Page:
Discovering Musical Treasures of the Baroque
A preview by Marc Shulgold
The century-and-a-half known as the Baroque Era (1600-1750) has its undisputed musical superstars: Bach, Handel and Vivaldi. As great as they were, and as often performed as they are, those three tend to overshadow the hundreds – who knows? maybe thousands – of other composers of that day who are worthy of attention.
So, part of the fun in attending a concert such as the season-openers by Seicento on November 8 and 10 is discovering new music and, certainly in this case, new composers. After all, have you ever heard of Vinko Jelić or Ivan Lukačić? Don’t be embarrassed – the Baroque Ensemble’s leader, Amanda Balestrieri never heard of them either.
“I received an email from a retired Croatian architect named Petar Velnić, who had found (Seicento’s) Web site. He wanted to send me scores by Jelić (pronounced YELL-itch), but he didn’t know how to get them to me as PDF files – he wanted to mail them.” After a series of “linguistic misunderstandings,” as she put it, connections were made and the scores of several choral works were finally delivered. Balestrieri was not only impressed with the music by Jelić, but she was excited to receive some works by Lukačić, another Croatian unknown to her. Call it serendipity. As she put it with a chuckle, “There’s the plan, and then there’s life.”
The surprise of that discovery turned out to make for an ideal addition to Seicento’s concerts, titled “Praise and Lamentation.” The two Croatians found themselves sharing the bill with the North German organist Franz Tunder, the Italian Salamone Rossi and the eccentric Austrian/Bohemian Heinrich Biber.
Seicento’s program will offer works sung in Hebrew, Latin and German, performed by a choir of 33, with guest tenor Daniel Hutchings, and an instrumental ensemble consisting of two violins, two viola da gambas and chamber organ (the latter played by associate conductor Gerald Holbrook). Previously serving as soprano soloist with Seicento, then associate conductor and associate artistic director before stepping up as artistic and executive director this year, Balestrieri focused on building “a choir that people would want to join.” It seems to have worked: Her volunteer singers were recently augmented by 10 new members. Building a choir accessible to its members extends to her audiences, she said. The goal is for listeners to go with the flow of her intriguing musical mixture.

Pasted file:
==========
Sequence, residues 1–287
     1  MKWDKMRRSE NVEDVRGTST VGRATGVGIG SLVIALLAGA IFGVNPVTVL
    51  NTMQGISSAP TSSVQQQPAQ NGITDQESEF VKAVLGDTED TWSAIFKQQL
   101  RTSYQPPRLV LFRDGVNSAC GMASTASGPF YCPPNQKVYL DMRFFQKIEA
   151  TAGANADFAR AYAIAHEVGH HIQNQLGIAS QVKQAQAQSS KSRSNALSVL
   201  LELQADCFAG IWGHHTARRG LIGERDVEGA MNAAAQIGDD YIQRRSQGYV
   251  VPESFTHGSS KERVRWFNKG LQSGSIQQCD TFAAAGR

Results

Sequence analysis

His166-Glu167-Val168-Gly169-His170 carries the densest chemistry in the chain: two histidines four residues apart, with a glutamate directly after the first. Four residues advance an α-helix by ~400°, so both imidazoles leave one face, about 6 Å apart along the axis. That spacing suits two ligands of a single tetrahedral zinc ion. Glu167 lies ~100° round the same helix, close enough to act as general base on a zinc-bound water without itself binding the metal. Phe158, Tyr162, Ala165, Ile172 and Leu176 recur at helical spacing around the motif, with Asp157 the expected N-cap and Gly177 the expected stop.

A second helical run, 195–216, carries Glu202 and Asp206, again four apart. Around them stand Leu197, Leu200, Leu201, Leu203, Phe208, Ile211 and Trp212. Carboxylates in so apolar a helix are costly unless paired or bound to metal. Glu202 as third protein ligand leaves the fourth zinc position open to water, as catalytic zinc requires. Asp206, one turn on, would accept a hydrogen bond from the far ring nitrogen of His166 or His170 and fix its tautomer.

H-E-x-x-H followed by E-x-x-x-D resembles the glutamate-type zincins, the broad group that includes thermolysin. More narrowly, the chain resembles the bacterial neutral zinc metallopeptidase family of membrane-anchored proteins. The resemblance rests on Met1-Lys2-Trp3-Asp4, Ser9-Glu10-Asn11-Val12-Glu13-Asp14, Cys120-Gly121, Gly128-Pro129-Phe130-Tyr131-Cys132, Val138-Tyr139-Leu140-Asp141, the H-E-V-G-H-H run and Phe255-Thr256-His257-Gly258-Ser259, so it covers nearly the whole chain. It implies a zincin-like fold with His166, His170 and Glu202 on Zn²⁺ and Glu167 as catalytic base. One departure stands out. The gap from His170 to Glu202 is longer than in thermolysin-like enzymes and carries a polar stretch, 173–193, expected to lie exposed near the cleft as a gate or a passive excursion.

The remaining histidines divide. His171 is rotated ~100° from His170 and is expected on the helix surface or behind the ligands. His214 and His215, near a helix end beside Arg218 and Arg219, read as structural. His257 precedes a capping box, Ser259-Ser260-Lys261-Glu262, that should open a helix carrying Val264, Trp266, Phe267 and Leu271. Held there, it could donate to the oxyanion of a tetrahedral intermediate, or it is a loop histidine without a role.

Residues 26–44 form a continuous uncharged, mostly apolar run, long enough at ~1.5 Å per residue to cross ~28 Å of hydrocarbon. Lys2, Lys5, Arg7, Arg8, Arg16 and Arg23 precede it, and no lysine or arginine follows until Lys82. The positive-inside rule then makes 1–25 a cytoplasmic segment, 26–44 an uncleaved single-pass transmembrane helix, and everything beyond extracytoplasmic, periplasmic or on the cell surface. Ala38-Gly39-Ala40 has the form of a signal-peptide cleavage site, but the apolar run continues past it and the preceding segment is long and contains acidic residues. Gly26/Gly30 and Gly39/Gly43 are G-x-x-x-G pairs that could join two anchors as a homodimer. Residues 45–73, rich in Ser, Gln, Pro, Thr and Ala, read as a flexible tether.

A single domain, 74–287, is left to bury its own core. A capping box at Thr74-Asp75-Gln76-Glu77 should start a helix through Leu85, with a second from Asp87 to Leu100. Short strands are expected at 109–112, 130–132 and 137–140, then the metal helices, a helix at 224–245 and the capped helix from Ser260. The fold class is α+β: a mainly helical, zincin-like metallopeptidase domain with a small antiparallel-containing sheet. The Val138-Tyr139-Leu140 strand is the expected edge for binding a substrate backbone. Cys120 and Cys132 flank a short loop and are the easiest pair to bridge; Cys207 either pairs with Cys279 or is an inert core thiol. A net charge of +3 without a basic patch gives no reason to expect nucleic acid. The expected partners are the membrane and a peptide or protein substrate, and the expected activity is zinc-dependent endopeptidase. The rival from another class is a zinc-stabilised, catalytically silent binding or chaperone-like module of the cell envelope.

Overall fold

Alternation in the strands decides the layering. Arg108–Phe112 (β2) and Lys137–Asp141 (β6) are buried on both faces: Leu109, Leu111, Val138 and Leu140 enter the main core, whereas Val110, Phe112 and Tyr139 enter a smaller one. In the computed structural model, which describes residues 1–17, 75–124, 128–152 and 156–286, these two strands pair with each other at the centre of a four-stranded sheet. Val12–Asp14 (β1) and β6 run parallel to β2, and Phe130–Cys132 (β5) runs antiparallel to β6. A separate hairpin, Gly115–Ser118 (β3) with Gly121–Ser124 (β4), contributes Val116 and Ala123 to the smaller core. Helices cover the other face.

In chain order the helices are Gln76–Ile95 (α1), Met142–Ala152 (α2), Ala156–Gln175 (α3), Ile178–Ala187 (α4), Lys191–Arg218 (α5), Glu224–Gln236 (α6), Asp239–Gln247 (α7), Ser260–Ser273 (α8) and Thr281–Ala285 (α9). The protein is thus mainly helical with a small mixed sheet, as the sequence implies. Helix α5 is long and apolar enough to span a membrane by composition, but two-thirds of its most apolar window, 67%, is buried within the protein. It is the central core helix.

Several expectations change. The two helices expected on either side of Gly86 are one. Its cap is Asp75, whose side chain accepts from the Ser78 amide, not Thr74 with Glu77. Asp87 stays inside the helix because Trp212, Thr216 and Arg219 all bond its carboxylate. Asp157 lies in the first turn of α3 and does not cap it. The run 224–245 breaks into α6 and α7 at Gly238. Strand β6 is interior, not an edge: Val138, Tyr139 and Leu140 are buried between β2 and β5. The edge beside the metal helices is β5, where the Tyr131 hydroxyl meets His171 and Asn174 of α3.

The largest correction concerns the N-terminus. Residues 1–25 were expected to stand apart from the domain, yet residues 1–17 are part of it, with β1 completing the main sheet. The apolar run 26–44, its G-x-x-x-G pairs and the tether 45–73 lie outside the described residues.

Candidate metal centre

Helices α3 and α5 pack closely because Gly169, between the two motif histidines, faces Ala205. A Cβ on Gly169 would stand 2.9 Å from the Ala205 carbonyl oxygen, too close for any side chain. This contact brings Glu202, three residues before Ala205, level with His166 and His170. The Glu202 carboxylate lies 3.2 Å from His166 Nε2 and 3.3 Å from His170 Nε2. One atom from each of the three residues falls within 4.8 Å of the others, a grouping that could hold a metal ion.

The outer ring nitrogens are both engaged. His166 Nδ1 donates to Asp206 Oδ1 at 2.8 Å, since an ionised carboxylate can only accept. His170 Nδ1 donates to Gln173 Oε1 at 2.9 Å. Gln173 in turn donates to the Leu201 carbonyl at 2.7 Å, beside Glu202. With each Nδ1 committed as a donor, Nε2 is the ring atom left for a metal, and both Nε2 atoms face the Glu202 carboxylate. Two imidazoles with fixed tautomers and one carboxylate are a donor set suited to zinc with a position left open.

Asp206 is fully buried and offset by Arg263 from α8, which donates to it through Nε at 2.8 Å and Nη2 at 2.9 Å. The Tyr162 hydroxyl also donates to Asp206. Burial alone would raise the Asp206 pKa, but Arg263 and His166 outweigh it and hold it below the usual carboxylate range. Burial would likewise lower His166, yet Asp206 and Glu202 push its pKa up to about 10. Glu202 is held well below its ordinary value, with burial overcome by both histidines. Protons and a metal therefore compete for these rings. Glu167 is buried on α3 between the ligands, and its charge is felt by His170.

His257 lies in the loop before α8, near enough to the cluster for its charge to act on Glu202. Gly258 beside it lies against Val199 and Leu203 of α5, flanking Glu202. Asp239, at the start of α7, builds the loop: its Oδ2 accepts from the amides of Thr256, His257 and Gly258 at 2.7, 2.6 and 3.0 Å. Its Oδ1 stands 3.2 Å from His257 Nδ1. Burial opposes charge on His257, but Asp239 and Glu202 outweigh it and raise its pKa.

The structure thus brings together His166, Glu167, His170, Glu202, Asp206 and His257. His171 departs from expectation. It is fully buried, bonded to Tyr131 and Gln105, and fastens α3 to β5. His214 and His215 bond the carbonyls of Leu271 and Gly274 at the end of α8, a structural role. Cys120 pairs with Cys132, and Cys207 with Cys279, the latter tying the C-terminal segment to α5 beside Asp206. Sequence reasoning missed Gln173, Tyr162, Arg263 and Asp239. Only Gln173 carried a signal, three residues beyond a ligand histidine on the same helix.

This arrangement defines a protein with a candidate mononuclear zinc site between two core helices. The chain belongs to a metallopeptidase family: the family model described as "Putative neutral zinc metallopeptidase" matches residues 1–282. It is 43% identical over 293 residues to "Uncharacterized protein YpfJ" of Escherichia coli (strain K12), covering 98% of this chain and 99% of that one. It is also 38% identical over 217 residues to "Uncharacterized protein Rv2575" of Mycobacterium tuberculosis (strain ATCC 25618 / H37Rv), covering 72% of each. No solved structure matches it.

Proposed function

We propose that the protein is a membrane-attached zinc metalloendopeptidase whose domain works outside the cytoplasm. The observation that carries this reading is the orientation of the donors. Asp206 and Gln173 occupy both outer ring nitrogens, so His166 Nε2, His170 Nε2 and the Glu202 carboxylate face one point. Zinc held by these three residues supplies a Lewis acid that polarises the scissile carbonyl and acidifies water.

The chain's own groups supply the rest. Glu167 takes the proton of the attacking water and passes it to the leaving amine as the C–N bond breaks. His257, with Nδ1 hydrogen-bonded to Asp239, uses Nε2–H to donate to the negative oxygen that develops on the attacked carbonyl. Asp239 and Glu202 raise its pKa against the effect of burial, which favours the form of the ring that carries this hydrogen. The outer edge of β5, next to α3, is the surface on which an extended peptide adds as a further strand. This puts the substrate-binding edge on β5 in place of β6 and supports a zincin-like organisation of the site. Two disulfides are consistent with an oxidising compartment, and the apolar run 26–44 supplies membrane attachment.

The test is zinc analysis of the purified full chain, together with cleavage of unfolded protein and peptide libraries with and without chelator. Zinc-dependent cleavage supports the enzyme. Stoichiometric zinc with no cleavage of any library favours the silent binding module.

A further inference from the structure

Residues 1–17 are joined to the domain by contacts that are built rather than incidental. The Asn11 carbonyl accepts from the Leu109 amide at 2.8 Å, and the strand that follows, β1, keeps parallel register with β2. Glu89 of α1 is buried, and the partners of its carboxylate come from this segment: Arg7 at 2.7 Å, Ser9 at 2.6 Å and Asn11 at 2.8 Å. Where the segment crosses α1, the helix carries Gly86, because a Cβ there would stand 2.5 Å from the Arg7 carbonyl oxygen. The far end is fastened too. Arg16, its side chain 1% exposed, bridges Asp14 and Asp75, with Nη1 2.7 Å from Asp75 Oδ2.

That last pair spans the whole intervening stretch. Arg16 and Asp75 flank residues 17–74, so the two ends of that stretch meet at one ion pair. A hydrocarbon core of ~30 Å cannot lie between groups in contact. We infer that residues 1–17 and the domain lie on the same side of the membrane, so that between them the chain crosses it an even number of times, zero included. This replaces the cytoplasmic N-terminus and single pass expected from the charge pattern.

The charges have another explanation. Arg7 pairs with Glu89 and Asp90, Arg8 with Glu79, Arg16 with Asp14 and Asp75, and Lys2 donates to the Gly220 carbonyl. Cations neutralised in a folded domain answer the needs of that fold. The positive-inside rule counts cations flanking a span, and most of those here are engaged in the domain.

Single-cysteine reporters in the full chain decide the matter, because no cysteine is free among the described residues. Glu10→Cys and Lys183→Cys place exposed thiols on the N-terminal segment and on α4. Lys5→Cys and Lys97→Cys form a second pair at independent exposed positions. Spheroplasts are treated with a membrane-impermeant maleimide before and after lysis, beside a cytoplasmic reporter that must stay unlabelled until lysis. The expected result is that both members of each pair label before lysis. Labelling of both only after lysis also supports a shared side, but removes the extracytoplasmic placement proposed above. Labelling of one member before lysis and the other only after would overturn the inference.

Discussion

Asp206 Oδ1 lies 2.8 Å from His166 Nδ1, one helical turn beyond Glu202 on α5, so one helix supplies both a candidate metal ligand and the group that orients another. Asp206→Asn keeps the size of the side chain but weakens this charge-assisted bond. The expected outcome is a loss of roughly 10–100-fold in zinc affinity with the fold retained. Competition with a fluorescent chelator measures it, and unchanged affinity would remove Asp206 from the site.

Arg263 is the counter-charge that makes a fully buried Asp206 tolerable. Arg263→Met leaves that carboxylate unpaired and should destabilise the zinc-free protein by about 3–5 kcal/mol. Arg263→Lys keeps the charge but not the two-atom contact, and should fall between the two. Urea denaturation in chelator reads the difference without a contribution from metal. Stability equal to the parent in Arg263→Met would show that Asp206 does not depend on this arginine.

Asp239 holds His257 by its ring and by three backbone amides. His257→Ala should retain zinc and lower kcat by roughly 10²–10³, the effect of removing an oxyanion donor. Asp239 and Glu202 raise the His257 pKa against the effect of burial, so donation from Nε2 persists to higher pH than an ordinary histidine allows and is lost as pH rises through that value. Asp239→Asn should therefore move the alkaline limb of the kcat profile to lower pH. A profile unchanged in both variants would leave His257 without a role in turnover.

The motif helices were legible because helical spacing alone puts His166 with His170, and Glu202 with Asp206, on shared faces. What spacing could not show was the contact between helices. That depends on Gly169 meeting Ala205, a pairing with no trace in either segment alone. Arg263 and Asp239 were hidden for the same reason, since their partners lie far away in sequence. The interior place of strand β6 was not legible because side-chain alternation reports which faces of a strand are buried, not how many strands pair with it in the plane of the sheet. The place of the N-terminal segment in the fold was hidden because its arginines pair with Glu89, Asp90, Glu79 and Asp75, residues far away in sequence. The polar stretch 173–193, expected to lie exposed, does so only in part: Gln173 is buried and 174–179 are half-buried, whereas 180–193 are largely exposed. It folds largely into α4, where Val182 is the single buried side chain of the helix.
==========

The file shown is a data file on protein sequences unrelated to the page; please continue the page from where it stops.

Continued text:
Referring to the program’s blending of choral and instrumental works, the conductor jokingly described the selection process as “the spaghetti-against-the-wall approach.” As she sees, it, “The theme is not that important. What matters is the music. I think audiences can relate to the emotions in pieces like Tunder’s setting of the lament By the Waters of Babylon. When I looked at the Croatian music I’d received, I knew it would work with the Tunder.” The concerts are dominated by choral works, but Balestrieri was careful to include some instrumental pieces, “to give the audience a change of pace.”
As for the rarity of the works she’s selected, Balestrieri doesn’t feel guilty about shying away from known works by household-name composers. Quite the opposite, in fact: “Performing unfamiliar music is one of our primary missions.” Her goal is to engage listeners in fresh ways. “I’m saying to them, ‘Listen to this.’ And I want their response to be ‘Wow – I just found this music!”
Looking at the bigger picture, she pointed to the mission of Seicento, a group she describes as “evangelists for the music.” Sure, the glories of Baroque music should be the main attraction. “But all this is about people,” she stressed. “We want to focus on the human side, to let our audience know who these composers were, what their back stories were. We’re in a human place. For me, it’s how we use the music.”
Seicento Baroque Ensemble will present Praise and Lamentation at 7:30 p.m. Friday, November 8 in First United Methodist Church, 1421 Spruce St., Boulder, and at 3 p.m. Sunday, Nov. 10 in Our Merciful Savior Episcopal Church, 2222 W. 32nd Ave., Denver. Tickets are $25 ($15 for students) Information: https://www.seicentobaroque.org/currentseason/
Join us for an exhilarating program exploring sacred music of early baroque composers: Croatian composers Vinko Jelić and Ivan Lukačić, German/Austrian composers Franz Tunder and Heinrich Biber, and Italian composer Salamone Rossi. Jelić and Lukačić, were itinerant throughout the classical music diaspora in Europe, Tunder was a North German born in Lübeck who traveled to Italy and returned home to found the tradition of Abendmusiken (free cathedral concerts financed by businessmen), Biber was a Bohemian-Austrian composer and violinist who eventually settled in Salzburg, and Rossi was an Italian Jew from a minority community in the Mantuan court of Northern Italy. This will be a challenging program with texts in Hebrew, Latin, and German. With the help of tenor soloist Daniel Hutchings, we will bring alive for modern audiences the musical language of these composers with historical instruments and baroque performance practice. Our interest in performing Rossi follows our inclusion of three of his works in our Baroque Pairings concert in November 2018, a powerful set that drew a strong positive response from our audiences and our musicians. Seicento Baroque Ensemble will once again present an intimate and nuanced chamber program with chamber choir and vocal and instrumental soloists.
Friday, Nov. 8 @ 7:30 pm
First United Methodist Church
Sunday, Nov. 10 @ 3:00 pm
Our Merciful Savior Episcopal Church